Why Mr Bingo just broke publishing

The front cover of the Mr Bingo’s Hate Mail.

The illustrator Mr Bingo’s Kickstarter campaign for his Hate Mail project that finished last week set a new record for a UK book crowdfunding campaign and in the process re-wrote the rules of the publishing industry. He raised an amazing £135,146 from 3,732 backers. The really significant detail here is not the six figure sum, but the number of backers — 3732.

The target for Mr Bingo’s campaign was 35k, even allowing for the extra costs that success will have brought him, let’s estimate these to be a further £35K, then he still will have made £65k. If he had sold 3732 books via a traditional publisher his income from royalties would have been no more than £6K. This is a gigantic difference in potential earnings — the traditional publishing model just cannot compete.

The key message is this…

For anyone with a sizable social media following (Mr Bingo is most active on Twitter where he has 30k followers) crowdfunding needs to be the primary focus of your publishing plans otherwise you are throwing away the majority of your earnings. Agents take note! Authors take note! YouTubers take note! Publishers watch out!

Notes

  1. Traditional publishing will take someone that is willing to pay £500 and sell them a book for £18.99 or less. Crowdfunding, with its multiple offerings at different price points, is great at extracting the highest amount of money each customer is willing to spend. The average pledge for Mr Bingo was £32 (actually slightly less than the average pledge on Unbound) far, far higher than the price of an actual book.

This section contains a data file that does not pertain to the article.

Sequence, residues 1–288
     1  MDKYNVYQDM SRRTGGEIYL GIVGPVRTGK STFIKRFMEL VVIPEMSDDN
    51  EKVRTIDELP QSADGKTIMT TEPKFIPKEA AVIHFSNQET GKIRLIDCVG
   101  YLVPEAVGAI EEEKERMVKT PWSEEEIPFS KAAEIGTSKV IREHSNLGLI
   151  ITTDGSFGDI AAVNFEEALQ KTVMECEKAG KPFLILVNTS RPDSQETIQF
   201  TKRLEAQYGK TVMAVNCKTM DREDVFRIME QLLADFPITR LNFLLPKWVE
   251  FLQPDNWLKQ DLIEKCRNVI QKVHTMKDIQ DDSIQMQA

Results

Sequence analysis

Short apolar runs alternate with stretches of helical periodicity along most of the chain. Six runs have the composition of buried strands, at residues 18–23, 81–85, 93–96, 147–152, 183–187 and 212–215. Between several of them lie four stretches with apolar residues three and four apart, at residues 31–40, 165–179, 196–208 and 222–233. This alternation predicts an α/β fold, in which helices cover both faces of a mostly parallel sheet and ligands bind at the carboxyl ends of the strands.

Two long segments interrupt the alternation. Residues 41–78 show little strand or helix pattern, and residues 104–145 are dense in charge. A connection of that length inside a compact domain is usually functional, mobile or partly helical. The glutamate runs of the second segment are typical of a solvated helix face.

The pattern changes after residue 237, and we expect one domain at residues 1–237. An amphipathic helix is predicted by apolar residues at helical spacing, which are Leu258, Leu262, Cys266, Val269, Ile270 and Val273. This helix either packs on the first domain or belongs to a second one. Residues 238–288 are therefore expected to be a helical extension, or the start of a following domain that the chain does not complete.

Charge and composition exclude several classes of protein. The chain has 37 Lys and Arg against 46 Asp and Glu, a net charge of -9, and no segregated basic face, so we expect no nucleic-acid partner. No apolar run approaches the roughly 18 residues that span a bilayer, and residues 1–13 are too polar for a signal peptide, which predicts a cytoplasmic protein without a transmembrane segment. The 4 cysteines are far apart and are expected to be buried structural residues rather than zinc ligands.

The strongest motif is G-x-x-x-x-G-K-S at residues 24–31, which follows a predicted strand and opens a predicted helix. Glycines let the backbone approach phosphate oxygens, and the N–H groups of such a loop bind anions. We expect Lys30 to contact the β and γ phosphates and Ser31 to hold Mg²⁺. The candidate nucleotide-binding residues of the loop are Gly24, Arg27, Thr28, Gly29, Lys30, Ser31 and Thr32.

2. Mr Bingo, like all crowdfunders, also now has the emails and addresses of 3772 fans that he can go back to with his next project. This is hugely valuable and something that traditional publishing cannot offer.
  3. Mr Bingo is not an anomaly. Similar significant sums have been raised by many of our projects at Unbound including Letters of Note, Lists of Note, On the Menu and Terrible Games.
  4. A final thought. I can envisage a time when agents separate crowdfunding rights in a contract in the same way they do with other sub rights like translation or TV and film.

Mathew Clayton is the Head of Publishing at Unbound. We are halfway between Kickstarter and a traditional publisher. We crowdfund our books but then also edit, print and distribute them in bookshops (through a joint venture with Penguin Random House) and share the profits with our authors. We have published (or are about to) books by Raymond Briggs, Jonathan Meades, Julie Burchill, Stuart Ashens, Robert Llwelleyn, Matthew Herbert, Shaun Usher and Paul Kingsnorth. If you have a book that you think would be right for Unbound please email me mathew at unbound dot co dot uk

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